What is Beltane?
A holiday that marks the return of Summer, “Beltane” can be roughly translated as “Bright
Fire”. While traditions for this May 1st festival varied among the ancient groups that practiced
it, each one of them involved the lighting of a Beltane bonfire. But what does this represent?
Why was this day and time of year so highly regarded? The breaking of Winter’s bonds and
transitioning from the tender beginnings of Spring to the robust start of Summer were natural
earthly attractions potentially dating as far back as 2000 years ago.
This is the season of the maiden goddess who represents renewal and growth. She falls in love
with the Green man, and they are married. They represent the union of the Earth and Sky as
well as fertility, vitality, and joy. As Summer approaches, it is the perfect time to manifest one’s
hopes and dreams for the year. This was a time of love and no one was left out as communities
would come together and eat, drink, share flowers and tell stories.
Beltane was also a time to manifest a fruitful harvest for the coming year. The Spring meant
that trees and plants would be blooming and reproducing. Then Summer would bring the first
rounds of fruits and vegetables, grains and beans, everything the community needed to be
happy and healthy. This holiday was a time to celebrate and to hope for the greater good that
they could live and work with nature and each other in a mutually beneficial way. If the Earth
was respected and treated well, it would return to the people a bounty that would allow them
plenty of food to get all the way through the next Fall and Winter.
How is this relevant?
The name of the season is rebirth. A time to come together and share our greatest wants and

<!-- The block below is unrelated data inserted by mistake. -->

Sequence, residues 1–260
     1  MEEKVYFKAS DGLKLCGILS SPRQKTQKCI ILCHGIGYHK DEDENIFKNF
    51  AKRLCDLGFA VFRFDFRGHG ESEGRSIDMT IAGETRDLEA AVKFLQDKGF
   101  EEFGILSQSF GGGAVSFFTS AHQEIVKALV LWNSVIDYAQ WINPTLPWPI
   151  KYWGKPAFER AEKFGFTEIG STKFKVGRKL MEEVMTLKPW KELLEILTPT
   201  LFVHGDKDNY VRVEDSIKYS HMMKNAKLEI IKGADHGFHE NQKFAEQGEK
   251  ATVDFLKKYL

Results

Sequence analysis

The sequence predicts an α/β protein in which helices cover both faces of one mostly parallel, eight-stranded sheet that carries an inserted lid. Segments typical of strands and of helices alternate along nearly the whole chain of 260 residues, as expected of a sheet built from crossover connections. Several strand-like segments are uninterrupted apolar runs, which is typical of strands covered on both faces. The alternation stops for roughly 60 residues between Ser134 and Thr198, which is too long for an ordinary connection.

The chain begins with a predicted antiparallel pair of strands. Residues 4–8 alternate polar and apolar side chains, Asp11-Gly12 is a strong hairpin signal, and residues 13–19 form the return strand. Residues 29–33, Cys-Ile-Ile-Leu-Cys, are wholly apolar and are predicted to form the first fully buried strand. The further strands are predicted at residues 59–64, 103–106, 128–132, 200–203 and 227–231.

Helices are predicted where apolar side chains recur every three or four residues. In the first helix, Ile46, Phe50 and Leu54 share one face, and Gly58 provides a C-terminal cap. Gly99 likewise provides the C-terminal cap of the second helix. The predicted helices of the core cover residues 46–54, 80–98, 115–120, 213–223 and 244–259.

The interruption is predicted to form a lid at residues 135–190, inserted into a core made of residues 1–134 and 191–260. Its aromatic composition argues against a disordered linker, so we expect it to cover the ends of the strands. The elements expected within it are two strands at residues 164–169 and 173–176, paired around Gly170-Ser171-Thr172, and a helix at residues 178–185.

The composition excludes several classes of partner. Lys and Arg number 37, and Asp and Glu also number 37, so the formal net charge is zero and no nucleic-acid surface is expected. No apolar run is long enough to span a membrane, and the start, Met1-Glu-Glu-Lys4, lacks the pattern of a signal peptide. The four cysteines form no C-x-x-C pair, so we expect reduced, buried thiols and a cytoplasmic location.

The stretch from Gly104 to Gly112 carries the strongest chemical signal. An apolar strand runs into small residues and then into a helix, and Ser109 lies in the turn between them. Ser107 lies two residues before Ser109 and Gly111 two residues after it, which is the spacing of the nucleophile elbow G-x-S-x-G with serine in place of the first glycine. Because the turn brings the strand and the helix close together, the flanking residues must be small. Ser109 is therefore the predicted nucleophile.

desires and to support each other in creating a new reality. This is not so unlike the
communion that our country is crying out for. A place to aid others in achieving their dreams,
and to take space to accept the same for ourselves. We have been pulled apart and pitted
against one another by systems of oppression that were built hundreds of years ago and are
perpetuated to this day. One way of rising above this is to come together over the one thing
that truly unites us all: The Earth. Ancient and indigenous peoples have been maintaining
sustainable relationships with the planet for thousands of years. To uplift BIPOC voices and
practices is the truest way to serve the environment and the community. To unify and
celebrate the interconnectedness of all life on this planet would be a healthy way to come
together over first foods grown sustainably. Using sustainable and loving practices every day,
promotes growth in people, plants, animals, and in one’s own life. Once we find this
equilibrium, each community member will receive the same support and aid in their own
advancements. People worldwide understand that a better relationship with the planet is vital
to our growth, our wellbeing, and our futures.
What do we do now?
We can take a message of community from this exciting holiday. Not just with our immediate
friends and families, but with our neighborhoods, cities, and our ecosystems. If we could take
time each day to remember to build one another up, then our relationships would improve. If
we could remember each day to try to make more sustainable choices no matter how small,
our footprint on the Earth would be softer. If we could remember to believe in ourselves and
manifest what we deserve and what we dream of then our lives would be happier, healthier,
and each interaction would be more joyous.